COMPLAINTS FLICK: Law Society of Scotland & ‘independent’ Scottish Legal Complaints Commission team up to produce video on how to complain about a rogue lawyer

21 Nov

Legal regulators SLCC and Law Society launch complaints process video. IN A MOVE seen as an attempt to combat publicity about poor regulation of the legal profession and few if any prosecutions of dodgy lawyers ripping off their clients, the Law Society of Scotland and the ‘independent’ Scottish Legal Complaints Commission (SLCC) have teamed up to produce a public video explaining the process for making a complaint about a solicitor in Scotland.

However, people who have actual experience of the solicitor complaints process as administer by the Law Society & SLCC have criticised the video as bearing little comparison with reality to how clients of rogue lawyers are treated after making a complaint.

The ‘help’ video, which begins with a claim that most people are happy with their solicitors and have no reason to question services provided, or demands for sky high legal fees without any real evidence of work, can be viewed on the SLCC’s website here: SLCC and Law Society of Scotland joint video on the complaints process or on the Vimeo hosting website directly here: Making a complaint about a solicitor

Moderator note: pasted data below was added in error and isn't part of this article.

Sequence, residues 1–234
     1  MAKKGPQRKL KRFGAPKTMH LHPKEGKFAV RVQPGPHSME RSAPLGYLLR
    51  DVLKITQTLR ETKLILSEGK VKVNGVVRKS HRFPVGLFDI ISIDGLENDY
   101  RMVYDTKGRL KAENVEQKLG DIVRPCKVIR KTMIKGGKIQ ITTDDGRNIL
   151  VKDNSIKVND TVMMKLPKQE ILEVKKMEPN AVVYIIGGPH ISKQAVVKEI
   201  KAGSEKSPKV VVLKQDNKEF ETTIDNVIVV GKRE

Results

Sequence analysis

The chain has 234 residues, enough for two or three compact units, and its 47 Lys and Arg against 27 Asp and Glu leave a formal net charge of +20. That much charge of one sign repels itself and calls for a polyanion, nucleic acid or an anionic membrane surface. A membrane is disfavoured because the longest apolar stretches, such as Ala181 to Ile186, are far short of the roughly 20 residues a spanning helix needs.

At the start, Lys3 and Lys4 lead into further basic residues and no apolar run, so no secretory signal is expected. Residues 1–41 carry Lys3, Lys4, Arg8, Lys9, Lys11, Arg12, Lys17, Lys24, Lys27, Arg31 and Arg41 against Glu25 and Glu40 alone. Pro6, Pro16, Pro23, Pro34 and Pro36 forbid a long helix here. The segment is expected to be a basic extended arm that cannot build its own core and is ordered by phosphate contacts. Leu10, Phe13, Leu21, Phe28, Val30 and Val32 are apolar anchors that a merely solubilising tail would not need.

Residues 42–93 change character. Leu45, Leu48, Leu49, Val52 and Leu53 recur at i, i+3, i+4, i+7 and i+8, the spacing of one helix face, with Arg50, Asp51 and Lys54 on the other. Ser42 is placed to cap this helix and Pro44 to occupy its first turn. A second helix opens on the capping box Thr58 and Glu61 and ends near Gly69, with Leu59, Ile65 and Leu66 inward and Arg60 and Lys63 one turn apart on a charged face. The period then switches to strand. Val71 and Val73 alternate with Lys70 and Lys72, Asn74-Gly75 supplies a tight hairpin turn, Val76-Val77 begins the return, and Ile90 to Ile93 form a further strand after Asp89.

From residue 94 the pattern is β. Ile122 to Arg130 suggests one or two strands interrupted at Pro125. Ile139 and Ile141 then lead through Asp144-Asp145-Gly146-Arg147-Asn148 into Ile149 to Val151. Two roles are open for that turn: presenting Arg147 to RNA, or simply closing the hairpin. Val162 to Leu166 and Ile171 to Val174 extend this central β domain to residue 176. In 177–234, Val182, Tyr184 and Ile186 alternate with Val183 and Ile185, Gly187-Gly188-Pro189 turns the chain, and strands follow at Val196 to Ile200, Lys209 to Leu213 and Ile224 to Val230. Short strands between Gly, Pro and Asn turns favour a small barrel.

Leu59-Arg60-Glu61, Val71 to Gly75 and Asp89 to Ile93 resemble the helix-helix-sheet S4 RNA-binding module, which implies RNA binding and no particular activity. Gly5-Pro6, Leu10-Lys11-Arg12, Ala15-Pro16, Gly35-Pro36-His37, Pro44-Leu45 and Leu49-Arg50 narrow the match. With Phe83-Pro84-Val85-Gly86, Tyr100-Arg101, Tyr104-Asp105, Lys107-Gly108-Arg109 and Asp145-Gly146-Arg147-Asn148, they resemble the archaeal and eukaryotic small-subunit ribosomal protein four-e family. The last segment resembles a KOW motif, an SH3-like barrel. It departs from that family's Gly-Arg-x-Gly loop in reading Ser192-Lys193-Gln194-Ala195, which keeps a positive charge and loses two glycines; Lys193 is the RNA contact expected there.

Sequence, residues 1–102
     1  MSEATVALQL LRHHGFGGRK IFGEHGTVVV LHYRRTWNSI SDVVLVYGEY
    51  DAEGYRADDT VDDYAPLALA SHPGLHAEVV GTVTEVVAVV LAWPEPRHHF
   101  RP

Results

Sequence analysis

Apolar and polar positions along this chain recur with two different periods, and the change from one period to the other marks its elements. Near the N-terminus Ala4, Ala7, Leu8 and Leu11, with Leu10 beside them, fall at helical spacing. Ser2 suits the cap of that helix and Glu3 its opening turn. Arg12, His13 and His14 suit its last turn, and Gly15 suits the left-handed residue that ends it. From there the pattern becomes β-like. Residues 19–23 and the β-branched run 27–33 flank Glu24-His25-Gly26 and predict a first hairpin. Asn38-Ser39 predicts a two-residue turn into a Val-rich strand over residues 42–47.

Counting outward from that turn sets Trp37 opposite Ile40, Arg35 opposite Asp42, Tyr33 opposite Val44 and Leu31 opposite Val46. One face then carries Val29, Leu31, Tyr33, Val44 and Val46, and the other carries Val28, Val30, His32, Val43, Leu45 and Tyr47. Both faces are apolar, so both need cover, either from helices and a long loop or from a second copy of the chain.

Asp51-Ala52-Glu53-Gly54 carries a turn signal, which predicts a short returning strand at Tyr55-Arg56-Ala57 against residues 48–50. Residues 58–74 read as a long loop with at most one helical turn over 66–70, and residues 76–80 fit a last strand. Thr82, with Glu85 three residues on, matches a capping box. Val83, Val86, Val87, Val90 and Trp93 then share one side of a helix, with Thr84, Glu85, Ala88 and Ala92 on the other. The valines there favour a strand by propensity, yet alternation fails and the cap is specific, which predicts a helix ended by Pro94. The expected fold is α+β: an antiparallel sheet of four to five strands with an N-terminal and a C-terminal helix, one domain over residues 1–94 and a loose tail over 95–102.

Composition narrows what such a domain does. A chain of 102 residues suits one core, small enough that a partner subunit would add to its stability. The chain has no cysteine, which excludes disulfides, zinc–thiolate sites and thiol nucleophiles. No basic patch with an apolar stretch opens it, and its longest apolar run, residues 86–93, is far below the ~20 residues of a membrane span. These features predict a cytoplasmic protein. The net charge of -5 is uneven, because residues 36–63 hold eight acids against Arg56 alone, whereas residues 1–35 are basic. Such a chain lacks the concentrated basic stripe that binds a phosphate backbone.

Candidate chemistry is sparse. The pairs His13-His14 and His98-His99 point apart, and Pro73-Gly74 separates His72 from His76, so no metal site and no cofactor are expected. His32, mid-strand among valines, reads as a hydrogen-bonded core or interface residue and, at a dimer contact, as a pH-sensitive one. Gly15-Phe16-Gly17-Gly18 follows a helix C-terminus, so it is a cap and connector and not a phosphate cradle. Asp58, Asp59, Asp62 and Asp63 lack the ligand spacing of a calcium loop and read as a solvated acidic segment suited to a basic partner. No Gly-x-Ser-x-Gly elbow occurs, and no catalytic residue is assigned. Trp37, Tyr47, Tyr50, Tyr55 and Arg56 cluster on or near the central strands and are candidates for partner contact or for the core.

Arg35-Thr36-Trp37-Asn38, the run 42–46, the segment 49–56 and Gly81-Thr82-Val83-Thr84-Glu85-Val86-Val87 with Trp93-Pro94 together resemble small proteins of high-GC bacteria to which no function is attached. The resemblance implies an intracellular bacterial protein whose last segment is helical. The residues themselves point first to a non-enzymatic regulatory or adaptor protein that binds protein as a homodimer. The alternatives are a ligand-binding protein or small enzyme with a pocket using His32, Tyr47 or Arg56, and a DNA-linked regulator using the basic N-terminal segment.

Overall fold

The video on how to complain about a rogue solicitor appears along with another video clip – Scottish Legal Complaints Commission – Mediation video, also produced by the SLCC which claims to document the process of mediation. However, some users of the mediation service have referred to their mediation experiences as less than satisfactory, and little more than a delaying tactic used by law firms who attempt to escape complaints investigations.